Competing Via the Digital Supply Chain

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Competing Via the Digital Supply Chain

Since the first wave of business process reengineering in the early ‘90s, companies have used digital supply chain technologies to improve service levels and reduce costs. However, constraints—including the inability to connect disparate systems, provide end-to-end visibility into the supply chain, and crunch massive amounts of data—prevented most companies from achieving the full potential of their supply chains.

Now, as we near the end of the Transition Phase and approach the Deployment Phase of the Digital Techno-Economic Revolution, the wide availability and adoption of more powerful digital technologies (mobile networks, sensors, advanced analytics, and cloud-based solutions) are enabling companies to generate dramatically better returns on their investments.


A recent study by The Boston Consulting Group (BCG) shows that “the leaders in digital supply chain management are enjoying competitive advantages over digital supply chain laggards.1 These include:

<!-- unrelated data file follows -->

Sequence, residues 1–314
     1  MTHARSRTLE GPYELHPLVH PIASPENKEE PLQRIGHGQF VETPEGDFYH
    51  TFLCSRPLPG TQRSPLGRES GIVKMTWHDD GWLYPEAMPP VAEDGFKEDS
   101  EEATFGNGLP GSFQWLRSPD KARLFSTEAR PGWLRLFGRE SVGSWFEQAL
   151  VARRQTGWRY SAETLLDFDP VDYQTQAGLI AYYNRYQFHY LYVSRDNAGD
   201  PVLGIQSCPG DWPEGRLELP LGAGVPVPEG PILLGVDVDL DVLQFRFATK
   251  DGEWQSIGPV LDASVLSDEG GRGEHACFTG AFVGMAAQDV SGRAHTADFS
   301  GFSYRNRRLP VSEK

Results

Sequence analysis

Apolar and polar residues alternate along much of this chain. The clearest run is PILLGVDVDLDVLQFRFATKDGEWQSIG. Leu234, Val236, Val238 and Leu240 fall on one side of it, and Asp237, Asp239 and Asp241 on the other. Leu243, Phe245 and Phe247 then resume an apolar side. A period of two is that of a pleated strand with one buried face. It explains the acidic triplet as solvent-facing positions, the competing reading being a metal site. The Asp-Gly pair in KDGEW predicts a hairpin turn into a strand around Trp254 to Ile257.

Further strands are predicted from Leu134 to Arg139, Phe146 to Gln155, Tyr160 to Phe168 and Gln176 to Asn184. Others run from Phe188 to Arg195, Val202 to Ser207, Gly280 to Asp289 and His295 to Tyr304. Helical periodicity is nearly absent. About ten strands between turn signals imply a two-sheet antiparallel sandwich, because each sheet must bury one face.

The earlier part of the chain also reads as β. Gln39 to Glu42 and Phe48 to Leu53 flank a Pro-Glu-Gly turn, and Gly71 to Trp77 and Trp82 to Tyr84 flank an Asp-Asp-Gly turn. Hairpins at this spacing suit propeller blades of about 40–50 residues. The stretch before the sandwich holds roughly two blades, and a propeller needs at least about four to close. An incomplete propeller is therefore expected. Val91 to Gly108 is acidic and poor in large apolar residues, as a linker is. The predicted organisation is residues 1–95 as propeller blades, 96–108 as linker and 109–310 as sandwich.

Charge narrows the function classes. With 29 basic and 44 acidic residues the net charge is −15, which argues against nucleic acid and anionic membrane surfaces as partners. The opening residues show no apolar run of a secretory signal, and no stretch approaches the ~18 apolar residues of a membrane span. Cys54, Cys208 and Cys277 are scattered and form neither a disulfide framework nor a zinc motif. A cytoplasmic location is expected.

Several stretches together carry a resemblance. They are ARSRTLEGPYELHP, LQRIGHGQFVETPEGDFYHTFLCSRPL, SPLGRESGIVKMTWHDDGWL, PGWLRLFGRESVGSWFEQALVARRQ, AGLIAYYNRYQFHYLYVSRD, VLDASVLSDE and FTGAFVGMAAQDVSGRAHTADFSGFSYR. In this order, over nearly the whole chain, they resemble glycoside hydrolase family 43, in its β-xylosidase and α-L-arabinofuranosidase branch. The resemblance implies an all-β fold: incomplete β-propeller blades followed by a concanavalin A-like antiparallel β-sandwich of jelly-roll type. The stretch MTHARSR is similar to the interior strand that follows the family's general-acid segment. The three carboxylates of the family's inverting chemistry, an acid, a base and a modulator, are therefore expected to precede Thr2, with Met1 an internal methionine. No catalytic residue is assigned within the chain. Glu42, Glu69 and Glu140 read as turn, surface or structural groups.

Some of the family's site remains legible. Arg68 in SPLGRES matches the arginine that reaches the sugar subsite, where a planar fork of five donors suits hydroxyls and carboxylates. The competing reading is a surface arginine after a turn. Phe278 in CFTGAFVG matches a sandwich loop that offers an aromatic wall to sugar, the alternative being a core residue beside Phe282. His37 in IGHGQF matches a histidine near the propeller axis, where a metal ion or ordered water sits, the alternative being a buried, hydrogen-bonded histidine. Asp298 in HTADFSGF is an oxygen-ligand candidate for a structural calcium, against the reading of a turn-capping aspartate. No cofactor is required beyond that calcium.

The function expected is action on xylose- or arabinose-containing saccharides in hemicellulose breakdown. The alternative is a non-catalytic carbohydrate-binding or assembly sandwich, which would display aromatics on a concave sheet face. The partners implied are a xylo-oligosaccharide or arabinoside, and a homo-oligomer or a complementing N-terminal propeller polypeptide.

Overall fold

• Increases in product availability of up to 10 percentage points.
  • More than 25 percent faster response times to changes in market demand.
  • 30 percent better realization of working-capital reductions, on average.
  • 40 percent to 110 percent higher operating margins.
  • 17 percent to 64 percent fewer cash conversion days.

With the help of three key strategies, these agile companies are quickly leaving behind their less nimble competitors.

What are these strategies?2

First, they fix performance gaps. Digital supply chain leaders apply digital technologies to the supply chain problems that are too cumbersome to address with conventional approaches. For example, advanced analytics help managers calculate optimal inventory allocations and forecast demand more accurately; these two areas have always been difficult with traditional processes that depend on a static, monolithic enterprise resource planning (ERP) system.

Often, the newer digital technologies “ride on top of the legacy systems,” making them more flexible and easier to operate. By using the new to enhance the proven, these companies avoid the work-arounds that often plague new technology rollouts. Ultimately, these companies create a single, trustworthy model of the entire supply chain; this improves decision making and customer service, as well as asset and working-capital utilization.

This “trustworthy model” provides transparency in the supply chain. Real-time visibility into which goods are in the warehouse, which trucks are on the road, and which machines are running is difficult to achieve with traditional ERP systems...

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